September 7 | Written by Mitali Shukla
Independence. Freedom. They’re both hallmarks of a traditional college experience.
Annika Krein, a freshman animation and visual effects major, approached her first year at Chapman University with a desire to know what it’s like to live on her own. So, due to the COVID-19 pandemic, rather than live in the on-campus housing arrangements, Krein and two other students rented a house on Lake Tahoe to create a unique off-campus housing experience.
“After quarantine, I’ve been craving a bit of independence. I’m 18, I’m going into college and it’s about time for me to have a taste of that independence,” Krein said. “I would have gotten it by living in the dorms, so we might as well replicate it.”
Krein’s mother decided her daughter should have an experience similar to living on-campus with other students, and set out to find other peers that Krein could live with in a different setting through an unofficial Facebook group for Chapman parents.
“The housing situation has been kind of hectic because we’ve been dancing all day and all night to try to get people interested in renting a house,” Krein said. “After all that, we only got three people in the house, but I think it’ll be fun. It’ll be nice to not be at home.”
Freshman film studies major Thomas Ginn is one of the other residents in the Lake Tahoe home, with a similar desire to experience independence in his freshman year. His father found Krein’s mother on the Facebook group and reached out about finding a house so the students could live together.
“Originally, I was thinking I would just stay living with my parents for the entire semester, but I really wanted to move out and have a pseudo-first-year experience, where I’m living on my own,” Ginn said. “(My parents) wanted me to have that freshman experience, because they had amazing times when they were freshmen meeting new people.”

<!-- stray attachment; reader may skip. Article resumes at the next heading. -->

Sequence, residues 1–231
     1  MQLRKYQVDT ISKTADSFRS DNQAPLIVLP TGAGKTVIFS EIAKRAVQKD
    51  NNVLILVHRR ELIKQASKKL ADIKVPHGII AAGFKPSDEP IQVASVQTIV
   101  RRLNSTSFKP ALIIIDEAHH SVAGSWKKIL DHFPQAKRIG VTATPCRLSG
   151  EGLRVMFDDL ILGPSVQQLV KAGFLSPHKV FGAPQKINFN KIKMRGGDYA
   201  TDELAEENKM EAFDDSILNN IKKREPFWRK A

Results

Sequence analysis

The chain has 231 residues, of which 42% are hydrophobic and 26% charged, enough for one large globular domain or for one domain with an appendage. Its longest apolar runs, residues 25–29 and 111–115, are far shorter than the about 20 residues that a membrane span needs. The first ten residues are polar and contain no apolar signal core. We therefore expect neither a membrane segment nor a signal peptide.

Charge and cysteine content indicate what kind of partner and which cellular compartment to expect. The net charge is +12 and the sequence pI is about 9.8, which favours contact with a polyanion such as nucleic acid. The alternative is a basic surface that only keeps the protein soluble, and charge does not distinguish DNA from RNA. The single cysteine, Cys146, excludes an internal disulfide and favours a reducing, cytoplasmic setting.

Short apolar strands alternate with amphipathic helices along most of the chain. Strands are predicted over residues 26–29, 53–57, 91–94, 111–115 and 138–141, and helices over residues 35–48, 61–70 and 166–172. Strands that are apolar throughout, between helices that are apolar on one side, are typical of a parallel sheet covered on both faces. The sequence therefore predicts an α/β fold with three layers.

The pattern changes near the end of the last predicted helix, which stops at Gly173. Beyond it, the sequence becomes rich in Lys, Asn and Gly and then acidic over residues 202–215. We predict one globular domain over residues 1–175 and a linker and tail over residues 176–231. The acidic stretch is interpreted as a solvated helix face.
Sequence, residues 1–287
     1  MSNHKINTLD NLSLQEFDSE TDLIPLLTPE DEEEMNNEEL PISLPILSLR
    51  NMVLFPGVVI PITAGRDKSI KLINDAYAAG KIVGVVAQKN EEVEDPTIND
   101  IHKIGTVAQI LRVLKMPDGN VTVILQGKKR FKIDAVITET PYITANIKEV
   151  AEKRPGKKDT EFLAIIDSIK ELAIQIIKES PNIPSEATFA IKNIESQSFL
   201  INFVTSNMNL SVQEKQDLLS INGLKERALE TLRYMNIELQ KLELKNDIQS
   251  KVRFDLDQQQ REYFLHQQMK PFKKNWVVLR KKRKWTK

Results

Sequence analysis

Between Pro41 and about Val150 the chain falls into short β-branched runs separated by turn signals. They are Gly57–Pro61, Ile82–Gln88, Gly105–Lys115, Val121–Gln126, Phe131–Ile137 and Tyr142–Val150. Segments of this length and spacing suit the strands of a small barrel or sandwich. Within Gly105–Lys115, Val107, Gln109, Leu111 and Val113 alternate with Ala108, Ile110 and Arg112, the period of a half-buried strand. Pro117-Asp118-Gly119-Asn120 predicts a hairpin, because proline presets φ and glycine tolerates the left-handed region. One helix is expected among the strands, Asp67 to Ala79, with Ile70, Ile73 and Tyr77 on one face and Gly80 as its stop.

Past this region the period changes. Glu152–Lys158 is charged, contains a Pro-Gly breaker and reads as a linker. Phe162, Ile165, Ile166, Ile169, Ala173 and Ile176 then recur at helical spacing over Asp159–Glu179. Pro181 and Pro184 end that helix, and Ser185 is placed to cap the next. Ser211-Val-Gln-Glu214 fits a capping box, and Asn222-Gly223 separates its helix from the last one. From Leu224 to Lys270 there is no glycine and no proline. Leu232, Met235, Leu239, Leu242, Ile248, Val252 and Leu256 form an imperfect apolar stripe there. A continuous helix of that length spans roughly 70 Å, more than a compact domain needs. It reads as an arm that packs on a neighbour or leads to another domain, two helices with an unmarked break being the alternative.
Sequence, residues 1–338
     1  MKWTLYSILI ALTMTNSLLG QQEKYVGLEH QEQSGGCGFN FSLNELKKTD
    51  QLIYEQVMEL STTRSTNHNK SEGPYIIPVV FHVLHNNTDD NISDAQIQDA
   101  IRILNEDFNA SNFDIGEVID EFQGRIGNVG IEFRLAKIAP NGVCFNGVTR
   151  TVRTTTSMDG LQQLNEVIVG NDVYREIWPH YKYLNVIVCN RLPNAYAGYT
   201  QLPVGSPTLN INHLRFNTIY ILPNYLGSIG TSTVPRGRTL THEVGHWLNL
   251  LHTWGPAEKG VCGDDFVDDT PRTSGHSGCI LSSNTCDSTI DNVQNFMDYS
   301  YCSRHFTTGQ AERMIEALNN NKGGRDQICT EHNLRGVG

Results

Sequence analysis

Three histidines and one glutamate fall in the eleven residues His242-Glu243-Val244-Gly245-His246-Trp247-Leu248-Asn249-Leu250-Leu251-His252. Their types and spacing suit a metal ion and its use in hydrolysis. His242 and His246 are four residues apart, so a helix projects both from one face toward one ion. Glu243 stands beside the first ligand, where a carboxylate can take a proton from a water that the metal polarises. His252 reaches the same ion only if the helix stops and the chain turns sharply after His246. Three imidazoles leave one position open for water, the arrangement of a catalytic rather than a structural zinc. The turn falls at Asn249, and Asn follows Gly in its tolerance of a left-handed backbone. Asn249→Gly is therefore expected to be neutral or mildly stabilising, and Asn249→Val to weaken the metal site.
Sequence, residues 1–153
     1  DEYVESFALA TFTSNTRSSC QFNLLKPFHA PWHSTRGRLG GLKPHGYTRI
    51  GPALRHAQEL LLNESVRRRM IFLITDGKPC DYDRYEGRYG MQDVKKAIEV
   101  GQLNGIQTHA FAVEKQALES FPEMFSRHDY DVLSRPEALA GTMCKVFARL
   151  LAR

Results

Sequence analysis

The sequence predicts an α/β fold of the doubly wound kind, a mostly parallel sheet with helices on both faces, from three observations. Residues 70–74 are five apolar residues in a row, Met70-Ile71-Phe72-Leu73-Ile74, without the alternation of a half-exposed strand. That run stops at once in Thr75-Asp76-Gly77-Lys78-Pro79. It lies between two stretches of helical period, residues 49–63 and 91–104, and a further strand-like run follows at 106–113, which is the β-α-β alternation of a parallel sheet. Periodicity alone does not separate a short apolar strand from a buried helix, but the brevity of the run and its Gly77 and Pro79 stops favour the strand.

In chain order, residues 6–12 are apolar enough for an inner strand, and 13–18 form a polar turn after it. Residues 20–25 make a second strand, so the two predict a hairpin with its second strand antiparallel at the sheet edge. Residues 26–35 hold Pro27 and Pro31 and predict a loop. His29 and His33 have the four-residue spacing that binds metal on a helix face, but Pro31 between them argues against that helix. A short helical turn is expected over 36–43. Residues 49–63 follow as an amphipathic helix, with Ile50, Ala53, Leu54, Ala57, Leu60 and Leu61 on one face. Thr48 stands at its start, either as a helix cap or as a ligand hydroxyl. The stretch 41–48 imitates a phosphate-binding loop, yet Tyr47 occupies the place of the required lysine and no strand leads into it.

The third roommate, freshman computer science major Sam Lash, deferred his admission due to the unpredictable nature of the pandemic, but he intends to return to Chapman next fall. He met Krein by playing Dungeons and Dragons with her and a couple other freshmen.
“Annika said that they were looking for a place and then I said, ‘You know what? It’s not going to change what I’m going to be able to do, and I’ll be hanging out with people my age,’” Lash said. “‘I might as well try it and see what I can do with these other people’ and I kind of jumped on it.”
Krein, Ginn and Lash were looking forward to living in the dorms because of the close proximity to students in their major as well as the independence that comes with living with roommates. Ginn remarked that the Chapman dorms were some of the nicer student housing facilities he had seen while touring local colleges.
“(Living in the dorms) would have been exciting because you get to see what the other majors are doing, so I was looking forward to that,” Krein said. “But, in light of current events, I’m not too bummed about it. It’s kind of hard to miss something you haven’t had yet.”
When asked about the overall effect of COVID-19 on his freshman year, Ginn said he was not only looking forward to the Chapman experience, but first-year programming and socializing with other students.
“My first reaction to finding out my first semester at Chapman would be remote was being completely sad and knowing that I would miss out on all the different things that come along with freshman year, doing all the orientation stuff,” Ginn said.
The three freshmen decided on Lake Tahoe because of its beautiful scenery and the declining number of COVID-19 cases in the area. There were 1,001 confirmed cases in El Dorado County, one of the counties that makes up Tahoe as a whole, as of Sep. 4. On the other hand, as of Sept. 6, Orange, California, had 2,258 cases out of Orange County’s total of 49,732 cases.
“I can go to class and then I can go down to the lake, or I can go shopping in the downtown area. Although my experience will be affected, I’ll be in a lovely area and be a lot happier,” Krein said. “Starting remotely will create a different dynamic to the interactions between my year and the major and also with the teachers.”
When asked if they recommend other freshmen do what they did, both Krein and Ginn encouraged their peers to get a sense of living on their own.
“Living with your parents for a whole year can be a little stifling. You’re going to college; you’re supposed to be in the dorms and you need that taste of independence,” Krein said. “Once we finally get back to campus next semester or next year, my (class) year will be much closer and much happier that we get to be together.”